Snake Venom

There are many misconceptions about what snake venom actually is.  Snake venom is merely modified saliva, or a combination of many different proteins and enzymes.

The old way of categorizing venom indicated that some snakes have a neurotoxic venom (affecting the nervous system) and others have a haemotoxic venom (affecting tissue and blood). There are actually far more than two types of toxins, and countless combinations of these - myotoxins, cardiotoxins, haemotoxins, and neurotoxins, to name just a few.

No snake venom contains just one type of toxin – most snakes have a combination of toxins, and it’s this variable combination that makes reactions to snake bites so different from species to species.

Image of a man holding a snake by its head and a small yellow drop of venom is coming out the side of the snakes open mouth.


What is, and what do we mean by snake venom toxicity?  Toxicity is traditionally determined by how much venom it takes to kill a test animal. It is tested via the "Lethal Dose for 50%” (LD50) method - how much venom it takes to kill 50% of the test animals (usually mice).

When discussing the LD50, we must also consider the route of injection:


Under the skin. These bites are the most applicable to actual snakebites.


Into the muscle. Very large specimens of Gaboon Vipers, Puff Adders, Rhino Vipers, Rattlesnakes, Bushmasters, and South American Lanceheads (also called Fer-de-lances) are about the only snakes capable of delivering this type of bite.


In a vein. These bites are extremely rare and very, very unfortunate, as many of those are rapidly fatal.


Directly into the body cavity. These bites are even rarer for humans.

The dangerous effect of snake venom on humans is well known, but there are also many medicinal uses of snake venom, this specialized saliva has been used in medical situations across the globe:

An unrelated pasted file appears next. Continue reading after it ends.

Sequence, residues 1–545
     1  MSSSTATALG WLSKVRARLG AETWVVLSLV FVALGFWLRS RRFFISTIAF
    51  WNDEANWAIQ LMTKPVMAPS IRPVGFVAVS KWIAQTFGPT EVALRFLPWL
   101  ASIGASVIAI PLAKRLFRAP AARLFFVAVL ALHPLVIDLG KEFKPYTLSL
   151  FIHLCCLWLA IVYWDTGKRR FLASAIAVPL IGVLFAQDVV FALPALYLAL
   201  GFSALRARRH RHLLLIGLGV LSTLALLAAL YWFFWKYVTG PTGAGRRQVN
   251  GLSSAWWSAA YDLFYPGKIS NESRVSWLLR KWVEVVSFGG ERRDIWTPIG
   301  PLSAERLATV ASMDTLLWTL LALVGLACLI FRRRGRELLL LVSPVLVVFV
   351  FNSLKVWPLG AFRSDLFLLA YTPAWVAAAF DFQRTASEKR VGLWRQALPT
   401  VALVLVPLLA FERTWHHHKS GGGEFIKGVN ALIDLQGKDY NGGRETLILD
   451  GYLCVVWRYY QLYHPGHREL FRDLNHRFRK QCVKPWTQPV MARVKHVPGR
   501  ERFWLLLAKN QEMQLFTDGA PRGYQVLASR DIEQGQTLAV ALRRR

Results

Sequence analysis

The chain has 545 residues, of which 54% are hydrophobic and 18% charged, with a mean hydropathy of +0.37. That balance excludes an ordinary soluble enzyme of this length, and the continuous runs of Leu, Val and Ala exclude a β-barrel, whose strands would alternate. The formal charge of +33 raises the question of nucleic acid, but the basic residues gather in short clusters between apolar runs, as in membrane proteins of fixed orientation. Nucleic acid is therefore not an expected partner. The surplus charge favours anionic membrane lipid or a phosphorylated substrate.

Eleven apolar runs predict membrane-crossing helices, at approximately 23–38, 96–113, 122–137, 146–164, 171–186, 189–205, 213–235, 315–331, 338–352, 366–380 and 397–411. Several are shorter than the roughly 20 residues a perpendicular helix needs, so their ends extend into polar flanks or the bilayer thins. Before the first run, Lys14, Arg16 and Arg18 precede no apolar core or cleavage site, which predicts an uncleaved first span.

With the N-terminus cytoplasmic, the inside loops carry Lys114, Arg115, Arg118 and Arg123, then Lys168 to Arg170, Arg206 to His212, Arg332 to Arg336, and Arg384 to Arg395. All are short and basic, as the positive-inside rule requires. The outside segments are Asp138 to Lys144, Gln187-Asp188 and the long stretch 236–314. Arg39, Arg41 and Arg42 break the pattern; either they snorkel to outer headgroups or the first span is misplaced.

Excessive bleeding

A blood-clotting protein in Taipan venom has been found to stop excessive bleeding during surgery or after major trauma.


Components of Malayan Pit Viper venom has shown potential for breaking blood clots and treating stroke victims.

Neurological diseases

Enzymes from cobra venom may be instrumental to finding cures for Parkinson's disease and Alzheimer's disease.

Cancer (various types)

An enzyme derived from copperhead venom could be used for treatment for breast cancer.


Yes, some are even used in a commercial wrinkle cream!



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We love all animals, wild and domesticated. Unfortunately due to a high number of recent incidents with dogs, our insurance company has advised us that we can no longer allow dogs, or other personal pets, on the Reptile Gardens grounds. ADA approved service dogs are, of course, allowed although there are three areas where they are not allowed for their safety and the safety of our animals. We do offer a shaded grassy area adjacent to our parking lot for walking your dog. We only ask that your pet be leashed and attended to at all times. You are welcome to come and go from the park as often as you like to tend to your dog. For more information, visit our FAQ Page


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